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HTML Code MiniChapter 15: Using Meta Tags and HTML Re-Direct

HTML Tutorial Chapters:  

HTML5 Basics - Web Hosting Ideas - CSS, Web Design, HTML, JQuery - Twitter - Learn on your iPad

Improving Search Engine Results with HTML Meta Tags...

When a search engine finds your page, it will need to index it (that is, add it to its searchable database) with some information off the page. Many search engines now support the <META> tags, which allow you to give keywords and a description to your page. This gives you more control over how your page will show up during a search, and will often cause more traffic to your page.

The <META> tag can be used for a few different purposes. Usually, you should place the <META> tag within the <head> tags at the beginning of your document. To improve search engine results, we will use two specific attributes within the meta tag. Here is an example:

<meta name="description" content="description of page goes here">
<meta name="keywords" content="keywords go here">

When a user searches a search engine that supports meta tags and they query a phrase (search for a keyword) related to your page, your page may show up in the list of results. Your page will be listed by its Title, and then underneath its title will be the first hundred or so characters of the description you placed in the meta tag. It is recommended that you keep the description content to no more than 200 characters. Although the keywords content is not seen by the user when searched, it is recommended to keep this less than 1000 characters, because if you have more the search engine will either ignore the rest or delete you from the index. (Commas are not needed to separate keywords)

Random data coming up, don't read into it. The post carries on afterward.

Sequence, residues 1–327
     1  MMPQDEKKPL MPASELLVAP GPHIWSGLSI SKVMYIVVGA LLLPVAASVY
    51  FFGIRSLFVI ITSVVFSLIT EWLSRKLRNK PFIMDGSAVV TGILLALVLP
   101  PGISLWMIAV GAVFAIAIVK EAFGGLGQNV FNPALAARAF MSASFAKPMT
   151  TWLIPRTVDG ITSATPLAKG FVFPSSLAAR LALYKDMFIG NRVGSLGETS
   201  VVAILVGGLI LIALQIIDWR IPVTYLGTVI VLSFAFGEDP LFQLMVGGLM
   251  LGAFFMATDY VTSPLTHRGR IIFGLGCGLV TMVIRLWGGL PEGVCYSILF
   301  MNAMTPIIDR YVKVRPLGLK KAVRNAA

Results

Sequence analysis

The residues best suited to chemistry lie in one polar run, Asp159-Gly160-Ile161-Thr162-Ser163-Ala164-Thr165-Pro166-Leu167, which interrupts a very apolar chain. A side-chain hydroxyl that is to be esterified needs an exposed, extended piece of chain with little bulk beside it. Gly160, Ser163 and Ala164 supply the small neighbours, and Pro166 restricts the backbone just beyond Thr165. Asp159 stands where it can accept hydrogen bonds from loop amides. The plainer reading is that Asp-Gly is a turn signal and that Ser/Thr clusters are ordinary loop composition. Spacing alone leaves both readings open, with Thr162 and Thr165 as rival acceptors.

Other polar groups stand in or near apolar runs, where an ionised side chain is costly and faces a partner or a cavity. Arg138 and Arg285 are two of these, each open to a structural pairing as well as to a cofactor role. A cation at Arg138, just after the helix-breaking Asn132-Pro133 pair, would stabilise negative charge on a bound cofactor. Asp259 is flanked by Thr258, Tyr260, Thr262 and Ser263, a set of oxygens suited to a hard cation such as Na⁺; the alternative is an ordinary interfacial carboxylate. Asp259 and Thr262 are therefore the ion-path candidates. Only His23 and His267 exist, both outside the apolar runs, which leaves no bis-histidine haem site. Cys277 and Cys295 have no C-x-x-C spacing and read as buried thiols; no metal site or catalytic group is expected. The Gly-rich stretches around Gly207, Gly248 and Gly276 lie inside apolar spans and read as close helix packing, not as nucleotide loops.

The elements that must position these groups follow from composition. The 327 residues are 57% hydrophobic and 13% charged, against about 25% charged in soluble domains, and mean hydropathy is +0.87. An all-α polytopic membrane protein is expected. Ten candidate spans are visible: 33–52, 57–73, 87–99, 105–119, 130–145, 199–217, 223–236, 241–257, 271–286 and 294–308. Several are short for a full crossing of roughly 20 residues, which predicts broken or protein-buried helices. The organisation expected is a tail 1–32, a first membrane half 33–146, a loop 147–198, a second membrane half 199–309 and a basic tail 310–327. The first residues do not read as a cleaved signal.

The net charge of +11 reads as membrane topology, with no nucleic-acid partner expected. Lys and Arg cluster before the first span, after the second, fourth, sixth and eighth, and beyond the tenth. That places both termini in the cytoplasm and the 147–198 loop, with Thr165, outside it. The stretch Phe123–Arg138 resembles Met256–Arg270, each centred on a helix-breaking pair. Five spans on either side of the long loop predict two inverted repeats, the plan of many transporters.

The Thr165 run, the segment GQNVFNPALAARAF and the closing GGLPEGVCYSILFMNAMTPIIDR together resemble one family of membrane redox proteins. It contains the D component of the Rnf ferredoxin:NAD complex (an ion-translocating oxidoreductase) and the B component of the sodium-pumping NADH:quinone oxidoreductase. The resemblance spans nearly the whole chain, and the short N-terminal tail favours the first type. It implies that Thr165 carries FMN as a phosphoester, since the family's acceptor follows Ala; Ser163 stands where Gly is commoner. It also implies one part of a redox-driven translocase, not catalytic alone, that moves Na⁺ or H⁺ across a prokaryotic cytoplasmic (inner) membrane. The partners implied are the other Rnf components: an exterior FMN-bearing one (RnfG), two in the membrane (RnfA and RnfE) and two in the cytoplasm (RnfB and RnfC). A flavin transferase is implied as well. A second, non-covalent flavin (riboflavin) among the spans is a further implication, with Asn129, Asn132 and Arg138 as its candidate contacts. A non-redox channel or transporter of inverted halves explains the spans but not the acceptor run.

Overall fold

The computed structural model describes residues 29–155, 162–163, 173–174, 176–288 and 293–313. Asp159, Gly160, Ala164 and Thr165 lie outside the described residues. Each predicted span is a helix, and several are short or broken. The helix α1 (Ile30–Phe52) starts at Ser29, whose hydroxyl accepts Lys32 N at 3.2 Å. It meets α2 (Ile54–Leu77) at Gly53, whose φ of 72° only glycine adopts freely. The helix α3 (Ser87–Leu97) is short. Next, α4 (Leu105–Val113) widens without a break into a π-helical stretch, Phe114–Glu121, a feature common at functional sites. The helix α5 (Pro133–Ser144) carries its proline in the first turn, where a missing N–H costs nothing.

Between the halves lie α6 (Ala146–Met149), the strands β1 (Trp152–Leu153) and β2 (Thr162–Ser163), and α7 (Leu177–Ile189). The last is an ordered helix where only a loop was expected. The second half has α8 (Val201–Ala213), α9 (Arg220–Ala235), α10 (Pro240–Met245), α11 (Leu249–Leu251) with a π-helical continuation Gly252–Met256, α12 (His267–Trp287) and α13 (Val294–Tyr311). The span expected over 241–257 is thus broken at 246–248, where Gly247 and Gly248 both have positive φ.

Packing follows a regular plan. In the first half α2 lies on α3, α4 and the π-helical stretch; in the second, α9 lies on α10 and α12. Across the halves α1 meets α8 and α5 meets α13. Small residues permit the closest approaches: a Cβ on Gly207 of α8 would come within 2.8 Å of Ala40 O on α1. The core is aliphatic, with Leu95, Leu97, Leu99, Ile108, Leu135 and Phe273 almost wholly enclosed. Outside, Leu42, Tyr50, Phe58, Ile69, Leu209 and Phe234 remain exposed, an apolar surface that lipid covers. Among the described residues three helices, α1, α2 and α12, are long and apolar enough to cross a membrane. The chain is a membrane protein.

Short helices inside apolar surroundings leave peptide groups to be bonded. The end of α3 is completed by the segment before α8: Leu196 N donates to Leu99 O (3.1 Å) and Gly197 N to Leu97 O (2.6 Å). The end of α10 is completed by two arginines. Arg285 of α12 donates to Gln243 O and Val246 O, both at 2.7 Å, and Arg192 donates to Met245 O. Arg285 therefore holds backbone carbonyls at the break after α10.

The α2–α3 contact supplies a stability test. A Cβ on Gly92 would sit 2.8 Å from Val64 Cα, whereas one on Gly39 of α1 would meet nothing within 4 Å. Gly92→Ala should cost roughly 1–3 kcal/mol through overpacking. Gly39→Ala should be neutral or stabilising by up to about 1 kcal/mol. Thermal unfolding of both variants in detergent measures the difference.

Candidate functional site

Example of a real-life meta situation...

<html>

<head>
<title>Little Joe's Sound Page</title>
<meta name="description" content="Joe's Collection of Cool Sound files for you to use in your home page!">
<meta name="keywords" content="music sounds midi wav joe collection">
</head>

<body>
Page Goes Here
</body>

</html>


Meta tags are not visible in the web page unless the user selects to 'view source'.

The HTML Re-Direct - Redirect pages with Auto-refreshing...

Automatic Refreshing ( HTML Redirect ) is supported by Netscape and Microsoft Internet Explorer among other popular web browsers. This also uses a modified form of the <META> tag. Auto refreshing means that once one page loads, you can set a certain number of seconds and then the browser will load another page automatically. The basic structure is as follows:

<meta http-equiv="refresh" content="x_seconds; url=http://www.yourhost.com/pagetosendto.html">

The URL is the page you want it to refresh to, content is the number of seconds you want it to wait before refreshing, and http-equiv="refresh" just tells it that this is the refresh meta tag. For example, if you wanted the page to refresh to davesite.com after 5 seconds it would be as follows:

<meta http-equiv="refresh" content="5; URL=http://www.davesite.com/">

HTML Code - Try it Yourself!

In the Box below, type the following HTML code, then click "Check it Out!" The HTML document you made will be displayed in your browser. You may wish to change the words within the tags just to try it out.

Try typing this:

<html>
<head><title>Pratice Meta Tags</title>
<meta name="description" content="Joe's Collection of Cool Sound files for you to use in your home page!">
<meta name="keywords" content="music sounds midi wav joe collection">
<meta http-equiv="refresh" content="5; URL=http://www.davesite.com/webstation/html/chap15.shtml">
</head>
<body>

This page Copyright &copy; Little Joe's Pages &amp; davesite.com.

</body>
</html>
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URL: http://www.davesite.com/webstation/html/chap15.shtml